Many cities across the United States have government-sponsored housing that is available to low income families. If you are eligible, you can move into a low income apartment and the government will subsidize some or all of the cost of your rent. This can help you afford the necessities of living when your income just cannot cover all your expenses. So how do you go about qualifying for low income housing?
Find vacant low income housing. You cannot just move in anywhere; it must be in housing approved by the government. Your city offices or county housing agency can give you a list of the low income apartments available in your area. Sometimes, there is a waiting list to get into a low income apartment, so apply early.
Get a criminal background check. Part of qualifying for a low income apartment is a clean history. Before a landlord will let you rent, they will do a criminal background check on you. This can take up to a month.
Confirm your income with your employer. The only way that the apartment management can know what you make is by getting copies of your recent pay stubs and verifying the amounts with your employer. There are income caps on how much money you can make a year and still be eligible for low income housing. In most cases, the amount you make each month will determine how much you pay for rent. Generally, people who make less money pay slightly less in rent.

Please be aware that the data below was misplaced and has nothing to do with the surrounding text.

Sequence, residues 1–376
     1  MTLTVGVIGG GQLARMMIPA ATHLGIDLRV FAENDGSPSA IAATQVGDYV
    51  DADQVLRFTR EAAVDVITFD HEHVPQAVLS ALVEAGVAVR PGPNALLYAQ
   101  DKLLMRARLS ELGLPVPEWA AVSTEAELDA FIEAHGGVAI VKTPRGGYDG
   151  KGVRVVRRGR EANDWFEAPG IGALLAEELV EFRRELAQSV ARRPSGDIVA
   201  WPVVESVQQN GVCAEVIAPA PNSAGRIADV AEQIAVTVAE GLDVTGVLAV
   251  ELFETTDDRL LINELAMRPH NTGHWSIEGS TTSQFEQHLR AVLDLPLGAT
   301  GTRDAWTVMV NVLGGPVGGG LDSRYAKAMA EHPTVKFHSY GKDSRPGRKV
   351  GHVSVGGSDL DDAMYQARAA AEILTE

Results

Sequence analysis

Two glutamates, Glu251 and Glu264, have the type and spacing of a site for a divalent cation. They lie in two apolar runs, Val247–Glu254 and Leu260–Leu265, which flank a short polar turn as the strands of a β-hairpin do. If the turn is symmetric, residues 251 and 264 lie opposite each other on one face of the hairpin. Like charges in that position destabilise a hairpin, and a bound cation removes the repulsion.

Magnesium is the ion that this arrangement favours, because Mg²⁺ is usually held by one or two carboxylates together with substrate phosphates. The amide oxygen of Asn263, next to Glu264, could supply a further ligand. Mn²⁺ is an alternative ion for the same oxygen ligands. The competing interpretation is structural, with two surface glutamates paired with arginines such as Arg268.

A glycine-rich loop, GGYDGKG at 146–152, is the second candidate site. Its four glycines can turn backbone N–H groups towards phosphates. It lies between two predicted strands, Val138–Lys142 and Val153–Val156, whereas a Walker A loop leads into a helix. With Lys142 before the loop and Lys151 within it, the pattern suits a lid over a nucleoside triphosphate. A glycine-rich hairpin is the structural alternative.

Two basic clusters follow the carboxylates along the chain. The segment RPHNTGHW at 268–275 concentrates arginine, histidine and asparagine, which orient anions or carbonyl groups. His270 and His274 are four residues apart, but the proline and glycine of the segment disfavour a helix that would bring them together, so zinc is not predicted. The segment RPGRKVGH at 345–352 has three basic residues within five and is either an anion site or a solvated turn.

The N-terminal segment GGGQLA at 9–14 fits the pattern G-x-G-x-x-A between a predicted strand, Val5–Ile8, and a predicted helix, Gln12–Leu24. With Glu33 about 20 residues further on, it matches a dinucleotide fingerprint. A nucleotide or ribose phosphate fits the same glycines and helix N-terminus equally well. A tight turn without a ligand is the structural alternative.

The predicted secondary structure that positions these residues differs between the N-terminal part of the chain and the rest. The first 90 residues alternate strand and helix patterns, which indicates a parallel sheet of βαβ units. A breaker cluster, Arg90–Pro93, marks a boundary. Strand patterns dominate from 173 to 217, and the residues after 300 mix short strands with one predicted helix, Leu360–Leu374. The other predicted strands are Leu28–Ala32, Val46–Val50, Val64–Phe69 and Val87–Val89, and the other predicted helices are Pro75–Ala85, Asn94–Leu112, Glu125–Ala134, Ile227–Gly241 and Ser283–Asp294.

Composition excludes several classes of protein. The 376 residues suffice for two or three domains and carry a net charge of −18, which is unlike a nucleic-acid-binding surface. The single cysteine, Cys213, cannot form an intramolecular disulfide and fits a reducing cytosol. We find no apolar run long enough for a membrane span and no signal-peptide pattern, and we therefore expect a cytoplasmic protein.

Verify bank account information. The apartment management will also have to make sure you do not secretly have thousands of dollars stashed away somewhere and they do this by verifying your bank accounts. All of these steps are very time intensive, so you should anticipate about a month's down time between when you apply for low income housing and when you can actually move in.
Sign your lease and move in. The apartment manager will want to go over basic apartment rules and outline the lease for you. In addition to this, the manager will have you sign papers where you state that you are not committing fraud and that the amount of income you make is correct.
Most low income housing is not only easy on the wallet, but is well maintained, clean, comfortable and in terrific condition.